If You Call a Rose an Onion, It Will Stink

I worked for an LDS publisher who claimed you had seven words or less (preferably less) to grab a reader’s attention. The title was one of the key reasons buyers picked up a new book and we spent hours retitling purchased manuscripts.

Now I wonder–how important is a title during the submission process? Does a title ever grab your attention and cause you to lift a manuscript out of the ‘slush pile’? How do you feel about those manuscripts which are submitted simply as “Untitled”?

Seven words, huh? That sounds about right. And you’re right, a good title piques interest and will get a buyer to take the book off the shelf. I’ve toyed with the idea of hiring someone solely to generate titles. That would be nice. But in reality, it’s a group effort. We often run a list of titles by our readers and employees and see which one appeals to the most people.

As to how important your title is to the submission process–not very. Yes, sometimes an interesting title will invite me to read that mss first, but it’s the story and the writing that make the final decision. It’s a somewhat different skill set required for creating titles and for writing stories. Kind of like the difference between writing a novel and writing poetry. I never turn down a book based on its title. And I always reserve the right to change the title–it’s in my contract.

I have used author’s original titles before. Some of them are great. Sometimes I’ve tweaked them a little, or used them to start the brainstorming process. Sometimes they’re really, really bad–but a bad title is better than no title.

I really hate mss submitted as “Untitled.” A title brings focus to a story. A story without a title says to me that you don’t know enough about your story (bad news) or that you’re too lazy or that you’re expecting me to do all the work. My experience tells me that Untitled manuscripts are going to need lots of editing in other places as well.

So–brainstorm titles. Test them out on your friends and family. Pick one. Put it on your manuscript and submit. Keep your list of brainstormed titles so that you can offer other suggestions when the publisher asks for them. (Sometimes they will, sometimes they won’t.)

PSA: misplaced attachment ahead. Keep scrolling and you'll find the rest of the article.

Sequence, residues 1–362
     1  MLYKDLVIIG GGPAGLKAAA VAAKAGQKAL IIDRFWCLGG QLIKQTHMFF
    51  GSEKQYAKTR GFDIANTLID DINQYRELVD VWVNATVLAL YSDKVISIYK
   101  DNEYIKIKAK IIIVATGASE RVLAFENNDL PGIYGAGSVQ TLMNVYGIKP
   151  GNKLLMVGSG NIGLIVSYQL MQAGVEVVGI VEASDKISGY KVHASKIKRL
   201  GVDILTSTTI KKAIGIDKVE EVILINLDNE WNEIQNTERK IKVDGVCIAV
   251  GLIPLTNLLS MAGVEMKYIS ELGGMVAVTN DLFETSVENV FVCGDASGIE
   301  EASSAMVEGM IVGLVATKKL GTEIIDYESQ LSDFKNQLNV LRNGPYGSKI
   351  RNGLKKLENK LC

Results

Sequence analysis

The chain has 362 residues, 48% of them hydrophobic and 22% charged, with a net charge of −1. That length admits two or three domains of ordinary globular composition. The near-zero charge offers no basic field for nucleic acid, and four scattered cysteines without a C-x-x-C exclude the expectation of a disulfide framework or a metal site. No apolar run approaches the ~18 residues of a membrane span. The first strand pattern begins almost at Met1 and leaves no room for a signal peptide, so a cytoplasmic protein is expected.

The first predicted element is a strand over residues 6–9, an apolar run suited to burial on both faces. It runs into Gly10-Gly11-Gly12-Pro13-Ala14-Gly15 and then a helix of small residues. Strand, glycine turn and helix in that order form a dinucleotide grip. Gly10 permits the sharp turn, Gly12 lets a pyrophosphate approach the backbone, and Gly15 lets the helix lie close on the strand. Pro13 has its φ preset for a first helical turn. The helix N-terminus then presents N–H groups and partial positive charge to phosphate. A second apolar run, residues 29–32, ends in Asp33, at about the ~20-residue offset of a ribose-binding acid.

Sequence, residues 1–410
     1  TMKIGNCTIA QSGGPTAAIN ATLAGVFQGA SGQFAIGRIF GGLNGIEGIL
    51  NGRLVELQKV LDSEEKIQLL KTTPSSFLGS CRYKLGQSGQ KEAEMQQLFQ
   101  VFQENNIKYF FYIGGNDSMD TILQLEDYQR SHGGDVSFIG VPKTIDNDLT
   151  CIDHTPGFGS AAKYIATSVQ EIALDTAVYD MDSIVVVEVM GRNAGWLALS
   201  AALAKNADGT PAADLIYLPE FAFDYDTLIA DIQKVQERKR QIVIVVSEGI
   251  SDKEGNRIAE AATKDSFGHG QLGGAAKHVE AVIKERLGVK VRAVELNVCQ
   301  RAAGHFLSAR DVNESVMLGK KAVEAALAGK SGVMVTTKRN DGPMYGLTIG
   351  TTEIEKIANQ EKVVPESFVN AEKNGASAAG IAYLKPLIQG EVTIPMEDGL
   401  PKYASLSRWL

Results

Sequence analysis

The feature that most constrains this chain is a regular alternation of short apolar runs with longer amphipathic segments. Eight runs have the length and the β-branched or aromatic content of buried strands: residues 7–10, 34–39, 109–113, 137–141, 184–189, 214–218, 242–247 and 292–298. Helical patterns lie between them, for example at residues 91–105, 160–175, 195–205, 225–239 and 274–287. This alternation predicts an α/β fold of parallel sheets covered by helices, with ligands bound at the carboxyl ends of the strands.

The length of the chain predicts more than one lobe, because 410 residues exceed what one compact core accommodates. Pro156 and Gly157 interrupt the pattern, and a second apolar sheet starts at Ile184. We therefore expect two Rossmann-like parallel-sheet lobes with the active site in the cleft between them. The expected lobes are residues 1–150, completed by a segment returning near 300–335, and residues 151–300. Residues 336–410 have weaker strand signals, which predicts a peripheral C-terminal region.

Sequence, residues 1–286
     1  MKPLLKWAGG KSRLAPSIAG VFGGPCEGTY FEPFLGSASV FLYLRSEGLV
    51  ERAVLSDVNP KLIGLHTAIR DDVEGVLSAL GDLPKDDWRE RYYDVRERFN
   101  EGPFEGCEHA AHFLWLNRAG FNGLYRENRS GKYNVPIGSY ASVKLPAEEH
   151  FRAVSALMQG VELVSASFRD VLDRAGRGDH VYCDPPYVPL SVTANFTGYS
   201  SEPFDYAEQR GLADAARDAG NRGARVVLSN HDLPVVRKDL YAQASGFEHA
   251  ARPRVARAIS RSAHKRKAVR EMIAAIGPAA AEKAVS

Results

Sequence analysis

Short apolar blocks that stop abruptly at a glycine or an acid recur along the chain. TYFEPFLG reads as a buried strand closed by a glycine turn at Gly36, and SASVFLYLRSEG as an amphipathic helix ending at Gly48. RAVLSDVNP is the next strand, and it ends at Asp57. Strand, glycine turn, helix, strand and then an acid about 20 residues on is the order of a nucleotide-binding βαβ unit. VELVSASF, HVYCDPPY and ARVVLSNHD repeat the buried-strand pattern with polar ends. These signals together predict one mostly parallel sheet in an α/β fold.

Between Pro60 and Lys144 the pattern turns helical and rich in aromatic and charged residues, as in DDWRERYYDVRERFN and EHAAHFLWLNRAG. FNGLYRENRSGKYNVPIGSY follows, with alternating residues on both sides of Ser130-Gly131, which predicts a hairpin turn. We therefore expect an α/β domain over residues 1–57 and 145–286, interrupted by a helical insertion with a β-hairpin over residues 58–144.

Author: LDS Publisher

I am an anonymous blogger who works in the LDS publishing industry. I blog about topics that help authors seeking publication and about published fiction by LDS authors.

2 thoughts on “If You Call a Rose an Onion, It Will Stink”

  1. I’m going to be a snot and because I’m going to be a snot, I’m not using my real name on this comment.

    Please, people, can we not use titles that include the words “heart,” “love,” “forever,”
    “tomorrow”, and the like? There are so many similar titles in the LDS market that when I’m looking for a new book, I don’t know which ones I’ve read and which I haven’t because they all sound exactly alike. “The Heart Has Tomorrow Forever.” “Forever There is a Heart.” “Tomorrow I Will Have a Heart Forever.” I’m being sarcastic, but I’m serious. Go to the library or the bookstore and read the titles of all the books published over the last five years. They’re all sadly the same. Show some creativity! I want to know, the minute I see your book, that it’s new and different, and remember whether or not I’ve read it before.

  2. Anonymous, you and I may gag when we see those titles, but apparently the typical romance reader eats it up. Go look at a shelf of Harlequins.

    With those words in the title, you know what you’re getting–and that’s one of the key factors to a good title, that it conveys the message of the book in abbreviated format.

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